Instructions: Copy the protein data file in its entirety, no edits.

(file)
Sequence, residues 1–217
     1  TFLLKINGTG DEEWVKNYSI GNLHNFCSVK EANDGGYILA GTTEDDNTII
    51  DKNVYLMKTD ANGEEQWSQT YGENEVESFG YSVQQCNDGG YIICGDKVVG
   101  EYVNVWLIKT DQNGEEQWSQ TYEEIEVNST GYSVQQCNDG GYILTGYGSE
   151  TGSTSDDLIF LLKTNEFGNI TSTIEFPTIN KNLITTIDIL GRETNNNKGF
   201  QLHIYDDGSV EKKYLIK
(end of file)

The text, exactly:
Sequence, residues 1–217
     1  TFLLKINGTG DEEWVKNYSI GNLHNFCSVK EANDGGYILA GTTEDDNTII
    51  DKNVYLMKTD ANGEEQWSQT YGENEVESFG YSVQQCNDGG YIICGDKVVG
   101  EYVNVWLIKT DQNGEEQWSQ TYEEIEVNST GYSVQQCNDG GYILTGYGSE
   151  TGSTSDDLIF LLKTNEFGNI TSTIEFPTIN KNLITTIDIL GRETNNNKGF
   201  QLHIYDDGSV EKKYLIK